Guide for Causes of Action for Bad Faith Claims

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Last Updated
July 20, 2021

8 V.S.A. § 4724(9):

8 V.S.A. § 4724(9) of the Insurance Trade Practices Act prohibits insurers doing business in Vermont from engaging in unfair claims settlement practices and provides that if any insurer performed any of the acts or practices prescribed by the subsection with such frequency as to indicate a general business practice, such acts of practices shall constitute an unfair or deceptive act or practice in the business of insurance. Where liability has become reasonably clear, an insurer is prohibited from withholding payment under one portion of a liability claim in order to influence settlement of another portion of liability claim.[1]

Vermont Courts recognize a cause of action against an insurer for bad faith handling of third-party claims brought against the insured.[2] Under policy provisions, the insured surrenders to the insurer the complete control and management of the lawsuit up to the limits of the policy coverage.[3] “Since the company . . . has the power, through the control of settlement, to adversely affect the insured’s interests, it must necessarily bear a legal responsibility for the property exercise of that power.[4] In Johnson, the Vermont Supreme Court held that an insurer’s legal duty is that of a fiduciary and when investigating and considering a settlement offer, the insurer must in good faith take into account the interests of the insured, and will be held liable for judgment in excess of the policy limits if it intentionally disregarded “the financial interests of [the insured] in the hope of escaping the full responsibility imposed upon it by its policy.”[5]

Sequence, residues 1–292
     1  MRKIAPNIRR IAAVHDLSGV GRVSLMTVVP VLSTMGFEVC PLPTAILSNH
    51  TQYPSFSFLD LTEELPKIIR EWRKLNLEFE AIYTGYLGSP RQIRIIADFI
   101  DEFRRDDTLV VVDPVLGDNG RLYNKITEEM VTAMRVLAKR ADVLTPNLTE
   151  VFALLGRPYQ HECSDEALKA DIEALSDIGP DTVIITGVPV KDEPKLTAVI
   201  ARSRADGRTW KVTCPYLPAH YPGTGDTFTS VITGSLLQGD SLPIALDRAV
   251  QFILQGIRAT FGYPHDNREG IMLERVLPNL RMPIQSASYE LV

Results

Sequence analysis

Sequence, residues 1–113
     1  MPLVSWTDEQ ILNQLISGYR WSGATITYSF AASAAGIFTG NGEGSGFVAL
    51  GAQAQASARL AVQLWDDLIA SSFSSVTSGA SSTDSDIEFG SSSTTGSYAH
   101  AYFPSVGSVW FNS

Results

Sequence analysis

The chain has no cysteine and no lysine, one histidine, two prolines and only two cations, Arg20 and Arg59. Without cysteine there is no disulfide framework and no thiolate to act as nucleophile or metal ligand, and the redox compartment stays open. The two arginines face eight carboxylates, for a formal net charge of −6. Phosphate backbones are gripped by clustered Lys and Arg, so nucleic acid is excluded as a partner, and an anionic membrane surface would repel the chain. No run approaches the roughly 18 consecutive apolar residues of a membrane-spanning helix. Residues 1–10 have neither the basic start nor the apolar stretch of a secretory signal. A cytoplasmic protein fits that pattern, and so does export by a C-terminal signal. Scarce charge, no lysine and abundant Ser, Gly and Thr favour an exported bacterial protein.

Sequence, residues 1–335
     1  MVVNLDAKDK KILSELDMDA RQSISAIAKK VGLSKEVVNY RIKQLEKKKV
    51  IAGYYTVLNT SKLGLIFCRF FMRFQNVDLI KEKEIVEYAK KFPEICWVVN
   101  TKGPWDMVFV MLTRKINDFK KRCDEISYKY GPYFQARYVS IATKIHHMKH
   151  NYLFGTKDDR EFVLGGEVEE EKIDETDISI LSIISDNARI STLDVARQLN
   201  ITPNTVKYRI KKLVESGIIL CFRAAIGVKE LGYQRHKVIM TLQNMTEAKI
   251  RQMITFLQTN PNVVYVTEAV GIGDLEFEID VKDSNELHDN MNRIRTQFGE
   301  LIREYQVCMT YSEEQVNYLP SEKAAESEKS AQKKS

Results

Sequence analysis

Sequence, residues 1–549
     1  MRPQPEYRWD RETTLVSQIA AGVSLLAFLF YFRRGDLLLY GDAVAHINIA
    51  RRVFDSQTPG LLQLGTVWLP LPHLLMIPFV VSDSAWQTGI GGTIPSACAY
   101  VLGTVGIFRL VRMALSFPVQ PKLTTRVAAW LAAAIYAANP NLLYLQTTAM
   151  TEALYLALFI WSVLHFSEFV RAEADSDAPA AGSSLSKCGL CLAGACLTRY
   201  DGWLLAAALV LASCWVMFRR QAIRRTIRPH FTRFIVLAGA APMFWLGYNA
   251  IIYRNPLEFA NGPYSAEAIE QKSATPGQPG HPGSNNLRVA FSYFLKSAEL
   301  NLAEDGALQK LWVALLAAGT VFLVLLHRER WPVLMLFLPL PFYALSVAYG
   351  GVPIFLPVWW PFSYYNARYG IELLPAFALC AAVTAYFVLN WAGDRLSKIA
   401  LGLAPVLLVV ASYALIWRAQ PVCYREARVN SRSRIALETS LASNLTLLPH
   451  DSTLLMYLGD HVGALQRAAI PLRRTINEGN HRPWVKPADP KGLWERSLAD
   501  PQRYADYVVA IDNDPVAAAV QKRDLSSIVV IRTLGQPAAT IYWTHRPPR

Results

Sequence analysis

If demand for settlement is made, the insurer must honestly assess its validity based on a determination of the risks involved.[6] The insurer must fully inform the insured of the results of its assessment of the risks, including any potential excess liability, and convey any demand for settlement which have been made.[7] The insurer’s duty to protect the insured is ongoing, and the insurer must inform the insured of significant developments as they arise.[8]The question of whether an insurer acts in bad faith depends on the specific facts of each case, and is one for the trier of fact.[9]


[1] 8 V.S.A.§ 4724(9), 7(d).

[2] See Myers v. Ambassador Ins. Co., 508 A.2d 689, 690 (Vt. 1986); Johnson v. Hardware Mut. Casualty Co., 1 A.2d 817, 820 (Vt. 1938).

[3] Johnson, 1 A.2d at 820.

[4] Brown v. United States Fidelity & Guaranty Co., 314 F.2d 675, 678 (2d Cir.1963).

[5] Johnson, 1 A.2d at 491.

[6] Myers, 508 A.2d 556.

[7] Id.

[8] 557.

[9] Brown, 314 F.2d at 680.

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Chartwell Law represents the interests of insurers and employers, as such, we continue to continue to monitor the legal landscape. If you have any questions about issues associated with right of action for bad faith claims, our attorneys are available to help. Please contact your Chartwell Law attorney.